Admittedly I didn’t quite forget that The Lost Boys was turning 30 this year, but the past few years fandom and I have had a weird relationship in general. Even the Labyrinth stuff last year, while fun, couldn’t quite cut through the funk. At the end of the day, though, for some reason this 1980s horror comedy is something that has shaped how I art in a lot of ways (more on that later).

Here’s something goofy I made for a friend years upon years ago:

 

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made by moi, copyright mine, because I suffered too much for this freakin’ thing. 

 

Ugh, don’t judge me. So this started nine billion years ago when the David action figure came out, and my friend, who is all about David, was complaining that there wasn’t anything bigger.

Of course, this meant I had to make her a cuddly chibi-esque version, because reasons. Look, I don’t get it either. My muse is stupid. For similar reasons, I ended up making her a Trent Reznor My Little Pony one year, so this is pretty normal in comparison.

The schematics: I bought the base doll at Michaels and looked at way too many shots of a film that is incredibly darkly lit to try to figure out what the hell David is wearing. I kind of compromised and did the coat as a double lapel one piece with the lapels in different fabrics. The shirt is a basic jersey and I think the pants were just a regular suiting fabric or something similar. I used a thicker stretch vinyl for the coat and gloves (seriously this was like a decade ago I cannot believe I can recall this so vividly).The medal is off a keychain from a dollar store. Yes, I know it’s not exact. I don’t care. I spent way too long patterning tiny vampire clothes, I implanted all the hairs on that thing’s head and unraveled them to look fluffier, I embroidered and drew the face, and made the thing ears so I could include the earring. By the time I got to accessories, I just wanted him out of the house. You can’t really see his fangs that well, but I remember embroidering them on. As you can guess by my snarking, the scale isn’t my favorite and is honestly probably the smallest I’d go at this point. I think he stands at about 18 inches tall if I remember correctly.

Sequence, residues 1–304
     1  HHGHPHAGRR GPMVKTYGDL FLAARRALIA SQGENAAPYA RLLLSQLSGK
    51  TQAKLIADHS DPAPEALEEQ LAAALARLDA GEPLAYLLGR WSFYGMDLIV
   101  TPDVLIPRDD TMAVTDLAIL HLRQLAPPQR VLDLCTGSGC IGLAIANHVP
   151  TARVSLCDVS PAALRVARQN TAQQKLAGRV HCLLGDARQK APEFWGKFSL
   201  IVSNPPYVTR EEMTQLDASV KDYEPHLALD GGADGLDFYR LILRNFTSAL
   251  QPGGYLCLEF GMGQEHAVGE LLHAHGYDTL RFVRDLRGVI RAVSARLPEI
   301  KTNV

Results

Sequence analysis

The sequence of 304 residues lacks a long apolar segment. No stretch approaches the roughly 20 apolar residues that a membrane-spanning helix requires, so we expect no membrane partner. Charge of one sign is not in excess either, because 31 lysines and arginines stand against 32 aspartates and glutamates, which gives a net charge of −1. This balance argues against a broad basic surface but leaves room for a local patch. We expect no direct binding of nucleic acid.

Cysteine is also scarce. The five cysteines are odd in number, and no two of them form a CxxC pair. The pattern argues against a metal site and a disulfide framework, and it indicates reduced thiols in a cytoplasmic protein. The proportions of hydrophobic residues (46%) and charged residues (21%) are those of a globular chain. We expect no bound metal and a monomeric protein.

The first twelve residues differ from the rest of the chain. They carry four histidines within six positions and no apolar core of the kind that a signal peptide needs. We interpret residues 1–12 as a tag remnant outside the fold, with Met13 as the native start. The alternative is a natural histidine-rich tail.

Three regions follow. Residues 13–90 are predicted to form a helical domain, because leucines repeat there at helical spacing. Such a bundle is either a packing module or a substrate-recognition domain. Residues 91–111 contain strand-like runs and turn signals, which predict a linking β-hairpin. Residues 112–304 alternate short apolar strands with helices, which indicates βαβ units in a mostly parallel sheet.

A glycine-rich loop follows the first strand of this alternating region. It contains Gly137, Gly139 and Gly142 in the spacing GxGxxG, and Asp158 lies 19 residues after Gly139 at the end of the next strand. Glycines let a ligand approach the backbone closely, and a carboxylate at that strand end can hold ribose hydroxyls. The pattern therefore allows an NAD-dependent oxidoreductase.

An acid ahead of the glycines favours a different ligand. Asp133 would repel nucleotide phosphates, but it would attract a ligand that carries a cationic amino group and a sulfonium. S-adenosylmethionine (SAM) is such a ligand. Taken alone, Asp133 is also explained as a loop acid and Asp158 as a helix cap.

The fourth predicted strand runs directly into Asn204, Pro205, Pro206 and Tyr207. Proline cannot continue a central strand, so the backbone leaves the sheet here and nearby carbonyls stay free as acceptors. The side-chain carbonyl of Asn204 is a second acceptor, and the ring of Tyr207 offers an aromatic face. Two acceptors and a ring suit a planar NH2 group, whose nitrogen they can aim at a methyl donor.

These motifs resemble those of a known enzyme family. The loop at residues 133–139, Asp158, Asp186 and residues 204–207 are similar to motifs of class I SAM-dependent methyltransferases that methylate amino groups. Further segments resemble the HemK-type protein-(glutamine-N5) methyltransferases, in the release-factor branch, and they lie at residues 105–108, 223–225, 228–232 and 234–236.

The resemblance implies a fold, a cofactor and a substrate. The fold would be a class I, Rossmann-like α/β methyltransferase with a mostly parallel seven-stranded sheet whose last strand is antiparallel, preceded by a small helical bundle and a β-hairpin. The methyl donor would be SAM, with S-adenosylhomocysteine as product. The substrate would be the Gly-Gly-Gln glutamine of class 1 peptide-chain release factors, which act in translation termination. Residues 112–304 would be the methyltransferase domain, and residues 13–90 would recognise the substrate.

Although he weirds me out a little, I’ll admit I’m pleased with the result. I’ve had inquiries over the years if I’d do all the vampires or other characters or even another David, and at this point, likely not. There may be one or two more on the horizon if I really felt whacky. These days, I could probably pattern the clothes out faster (and I have better machines than I did at the time), but I’d have to have a really good reason to be convinced to go back to something like this.